This is our Friday rubric: every week a new Science Page from the Bob Morrison’s Swine Health Monitoring Project. The previous editions of the science page are available on our website.
This week, we are sharing a report from recent PhD graduate Kaushi Kanankege about predicting the monthly risk of PRRS.
- High risk of PRRS occurrence was observed in counties where >25% of MSHMP farms were fully or partially air-filtered, have high number of hog farms, and have farms belonged to multiple production systems.
- PRRS occurrence association with air filters may be due to attempts to mitigate risk in prevalent areas.
- Further research is required to understand the space-time association of the windborne local spread of the virus and the installation of air filters.
MSHMP records from May 2013 through April 2017 (48 months), representing 143 sow farms in Minnesota belonging to 8 production systems.
To estimate the expected number of PRRS-positive farms per month at the county level, while accounting for key epidemiological factors and space-time variation of the PRRS occurrence.
Using the R statistical package CARBayesST1, Bayesian space- time regression model 2 was fitted.
Findings A predictable seasonality of PRRS occurrences was observed with a decline in May-June, the lowest number of outbreaks reported in October, and an increase in November – December (Figure 2-a). The regression results indicated:
1. Counties with >20 total hog farms per county were associated with an increase in the occurrence of PRRS compared to the counties with <20 farms per county.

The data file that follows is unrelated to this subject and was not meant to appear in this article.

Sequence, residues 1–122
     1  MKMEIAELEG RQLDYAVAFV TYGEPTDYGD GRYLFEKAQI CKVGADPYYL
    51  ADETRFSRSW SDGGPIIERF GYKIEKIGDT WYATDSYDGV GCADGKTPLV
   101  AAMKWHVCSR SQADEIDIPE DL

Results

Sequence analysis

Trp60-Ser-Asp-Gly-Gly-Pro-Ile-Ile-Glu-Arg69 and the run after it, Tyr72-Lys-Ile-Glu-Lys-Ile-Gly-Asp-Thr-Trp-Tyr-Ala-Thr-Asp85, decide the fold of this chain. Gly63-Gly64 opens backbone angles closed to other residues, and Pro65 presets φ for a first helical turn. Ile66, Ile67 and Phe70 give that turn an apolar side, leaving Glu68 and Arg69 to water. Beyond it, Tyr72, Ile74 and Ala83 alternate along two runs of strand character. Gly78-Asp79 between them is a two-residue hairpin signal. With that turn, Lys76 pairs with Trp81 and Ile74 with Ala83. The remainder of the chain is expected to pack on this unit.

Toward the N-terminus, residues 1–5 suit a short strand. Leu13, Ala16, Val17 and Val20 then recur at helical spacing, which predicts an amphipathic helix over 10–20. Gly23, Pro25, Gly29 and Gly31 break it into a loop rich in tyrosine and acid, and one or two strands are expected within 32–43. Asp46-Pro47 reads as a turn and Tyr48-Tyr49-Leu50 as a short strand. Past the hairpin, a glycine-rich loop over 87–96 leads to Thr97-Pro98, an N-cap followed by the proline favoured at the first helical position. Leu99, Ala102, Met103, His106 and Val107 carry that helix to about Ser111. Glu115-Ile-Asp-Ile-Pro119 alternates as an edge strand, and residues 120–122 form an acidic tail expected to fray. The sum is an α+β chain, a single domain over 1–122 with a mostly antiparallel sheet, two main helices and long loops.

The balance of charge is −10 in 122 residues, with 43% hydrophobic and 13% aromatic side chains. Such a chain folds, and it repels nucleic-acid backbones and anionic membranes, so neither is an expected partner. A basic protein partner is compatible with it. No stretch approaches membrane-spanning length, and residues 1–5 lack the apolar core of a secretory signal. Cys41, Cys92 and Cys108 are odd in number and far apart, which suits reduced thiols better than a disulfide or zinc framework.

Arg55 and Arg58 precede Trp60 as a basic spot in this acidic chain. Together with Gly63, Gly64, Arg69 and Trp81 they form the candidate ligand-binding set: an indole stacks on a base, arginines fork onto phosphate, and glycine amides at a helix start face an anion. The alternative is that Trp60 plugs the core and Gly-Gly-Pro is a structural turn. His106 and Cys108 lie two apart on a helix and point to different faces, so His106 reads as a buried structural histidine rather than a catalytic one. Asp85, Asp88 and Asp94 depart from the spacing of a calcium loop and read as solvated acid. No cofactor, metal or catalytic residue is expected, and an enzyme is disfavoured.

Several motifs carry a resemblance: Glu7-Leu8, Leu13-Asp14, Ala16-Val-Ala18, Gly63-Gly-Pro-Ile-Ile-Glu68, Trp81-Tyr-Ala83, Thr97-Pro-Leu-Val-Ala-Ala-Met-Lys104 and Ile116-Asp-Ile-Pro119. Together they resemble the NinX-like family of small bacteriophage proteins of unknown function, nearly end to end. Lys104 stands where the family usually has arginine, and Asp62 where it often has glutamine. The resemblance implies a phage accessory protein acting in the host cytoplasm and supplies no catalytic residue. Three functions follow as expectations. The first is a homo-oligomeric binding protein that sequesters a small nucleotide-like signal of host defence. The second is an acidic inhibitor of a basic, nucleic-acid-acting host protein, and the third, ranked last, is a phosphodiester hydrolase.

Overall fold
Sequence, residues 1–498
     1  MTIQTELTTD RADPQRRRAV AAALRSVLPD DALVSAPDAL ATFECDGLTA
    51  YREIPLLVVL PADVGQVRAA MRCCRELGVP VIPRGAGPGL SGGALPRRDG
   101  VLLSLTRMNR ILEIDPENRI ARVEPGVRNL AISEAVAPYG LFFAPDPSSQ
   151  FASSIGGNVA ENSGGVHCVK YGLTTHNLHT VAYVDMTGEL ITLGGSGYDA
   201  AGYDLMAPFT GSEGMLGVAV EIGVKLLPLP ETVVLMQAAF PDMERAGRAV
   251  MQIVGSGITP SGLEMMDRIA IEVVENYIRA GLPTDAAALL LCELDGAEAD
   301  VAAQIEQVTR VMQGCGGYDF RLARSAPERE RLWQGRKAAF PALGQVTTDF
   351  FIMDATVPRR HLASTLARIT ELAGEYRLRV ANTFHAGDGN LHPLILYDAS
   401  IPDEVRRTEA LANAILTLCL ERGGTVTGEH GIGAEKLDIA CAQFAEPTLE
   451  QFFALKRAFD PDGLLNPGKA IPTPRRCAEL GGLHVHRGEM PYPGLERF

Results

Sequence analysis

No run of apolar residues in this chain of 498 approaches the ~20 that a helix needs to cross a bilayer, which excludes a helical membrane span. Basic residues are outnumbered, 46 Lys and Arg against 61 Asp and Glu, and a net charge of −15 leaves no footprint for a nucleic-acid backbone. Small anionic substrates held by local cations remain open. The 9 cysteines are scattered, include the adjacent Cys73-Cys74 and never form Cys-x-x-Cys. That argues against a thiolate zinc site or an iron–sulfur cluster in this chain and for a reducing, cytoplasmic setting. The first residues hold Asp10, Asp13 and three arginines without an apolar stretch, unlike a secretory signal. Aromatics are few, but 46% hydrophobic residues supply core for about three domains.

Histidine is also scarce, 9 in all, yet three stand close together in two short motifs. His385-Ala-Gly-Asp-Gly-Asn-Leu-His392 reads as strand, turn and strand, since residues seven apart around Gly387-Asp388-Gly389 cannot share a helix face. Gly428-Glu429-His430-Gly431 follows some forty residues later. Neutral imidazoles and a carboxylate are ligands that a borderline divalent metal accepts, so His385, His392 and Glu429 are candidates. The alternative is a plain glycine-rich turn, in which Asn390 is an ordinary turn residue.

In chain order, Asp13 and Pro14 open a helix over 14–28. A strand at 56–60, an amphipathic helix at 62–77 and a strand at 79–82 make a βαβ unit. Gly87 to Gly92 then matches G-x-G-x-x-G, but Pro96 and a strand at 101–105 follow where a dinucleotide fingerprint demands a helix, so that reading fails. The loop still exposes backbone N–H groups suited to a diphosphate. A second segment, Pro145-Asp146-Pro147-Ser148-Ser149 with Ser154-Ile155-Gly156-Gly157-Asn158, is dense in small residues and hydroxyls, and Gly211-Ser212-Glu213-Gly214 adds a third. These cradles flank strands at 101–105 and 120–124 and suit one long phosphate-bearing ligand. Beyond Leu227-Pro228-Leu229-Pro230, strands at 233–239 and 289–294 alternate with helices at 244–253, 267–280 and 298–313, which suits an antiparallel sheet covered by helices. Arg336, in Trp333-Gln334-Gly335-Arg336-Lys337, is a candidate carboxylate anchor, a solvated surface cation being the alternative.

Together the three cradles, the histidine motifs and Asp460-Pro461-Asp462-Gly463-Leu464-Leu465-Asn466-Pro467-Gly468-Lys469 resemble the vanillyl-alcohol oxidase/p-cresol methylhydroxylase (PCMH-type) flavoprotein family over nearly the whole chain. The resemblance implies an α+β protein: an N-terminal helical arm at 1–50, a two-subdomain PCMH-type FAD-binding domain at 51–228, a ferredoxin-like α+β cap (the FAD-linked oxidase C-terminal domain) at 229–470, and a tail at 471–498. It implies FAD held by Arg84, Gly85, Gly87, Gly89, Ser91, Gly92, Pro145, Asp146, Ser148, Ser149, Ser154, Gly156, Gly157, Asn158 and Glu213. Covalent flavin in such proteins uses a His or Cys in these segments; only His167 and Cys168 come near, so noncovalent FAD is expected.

2. Counties with high PRRS occurrence were also associated with the presence of fully or partially air-filtered sow farms.
3. Interestingly, even after accounting for farm density, counties with more than one production system were related with an increase in PRRS occurrence relative to the counties where all MSHMP farms belonged to one production system.
What does it mean?
The association of PRRS with swine farm density and presence offarms belonging to multiple production systems within the same county was not surprising, because the higher the swine farm density and the variations of management strategies that are not coordinated across the systems may create opportunities for disease transmission. The association of high PRRS occurrences in farms with >25% with full or partial filtration may be related to the fact that farms with air-filters are located in areas with high farm density as it is the case in southern.Air- filtration was assigned as a variable based on 2018 data, and it is not known exactly when these farms installed the air-filters. Therefore, interpretation of this result should be done cautiously, given that the decision to install air-filters may be based on previous history of outbreaks in those counties. Moreover, the risk of airborne spread of PRRS locally is unmeasured and this result highlights the importance of further understanding the risk of airborne spread.
Conclusions and future directions
Occurrence of PRRS in geographically close farms during the same time (i.e. spatiotemporal autocorrelation) and its relation with underlying epidemiological factors could facilitate the computation of risk scores predicted per county and month. In subsequent versions of the study, models will be validated and the predictive power of the model (i.e. estimation of the risk of PRRS outbreaks in a given county at a given month) will be assessed. The model intends to support veterinarians and managers in decision making when planning preventive interventions against PRRS.
We would really appreciate if you could share your thoughts on risk estimation and management by participating in the survey.